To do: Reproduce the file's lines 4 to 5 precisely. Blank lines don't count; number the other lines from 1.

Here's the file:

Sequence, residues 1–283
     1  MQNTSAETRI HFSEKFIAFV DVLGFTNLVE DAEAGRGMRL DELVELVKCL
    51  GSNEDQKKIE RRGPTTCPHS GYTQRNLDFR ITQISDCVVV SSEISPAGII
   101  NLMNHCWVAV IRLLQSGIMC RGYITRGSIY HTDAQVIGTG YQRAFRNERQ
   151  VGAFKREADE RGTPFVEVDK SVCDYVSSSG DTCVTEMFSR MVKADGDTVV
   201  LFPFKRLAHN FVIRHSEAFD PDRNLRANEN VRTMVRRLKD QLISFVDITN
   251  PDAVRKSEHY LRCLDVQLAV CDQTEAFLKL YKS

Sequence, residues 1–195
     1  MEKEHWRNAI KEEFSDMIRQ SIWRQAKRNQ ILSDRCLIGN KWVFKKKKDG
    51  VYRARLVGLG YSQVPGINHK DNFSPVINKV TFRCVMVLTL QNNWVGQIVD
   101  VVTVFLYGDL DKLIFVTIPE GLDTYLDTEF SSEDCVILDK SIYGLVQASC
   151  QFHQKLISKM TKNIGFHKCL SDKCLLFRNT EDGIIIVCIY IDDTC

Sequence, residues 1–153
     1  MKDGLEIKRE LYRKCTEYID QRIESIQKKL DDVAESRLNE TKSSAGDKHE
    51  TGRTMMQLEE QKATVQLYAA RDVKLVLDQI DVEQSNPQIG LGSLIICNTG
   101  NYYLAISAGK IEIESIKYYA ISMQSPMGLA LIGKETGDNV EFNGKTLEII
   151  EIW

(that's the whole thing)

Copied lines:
   101  NLMNHCWVAV IRLLQSGIMC RGYITRGSIY HTDAQVIGTG YQRAFRNERQ
   151  VGAFKREADE RGTPFVEVDK SVCDYVSSSG DTCVTEMFSR MVKADGDTVV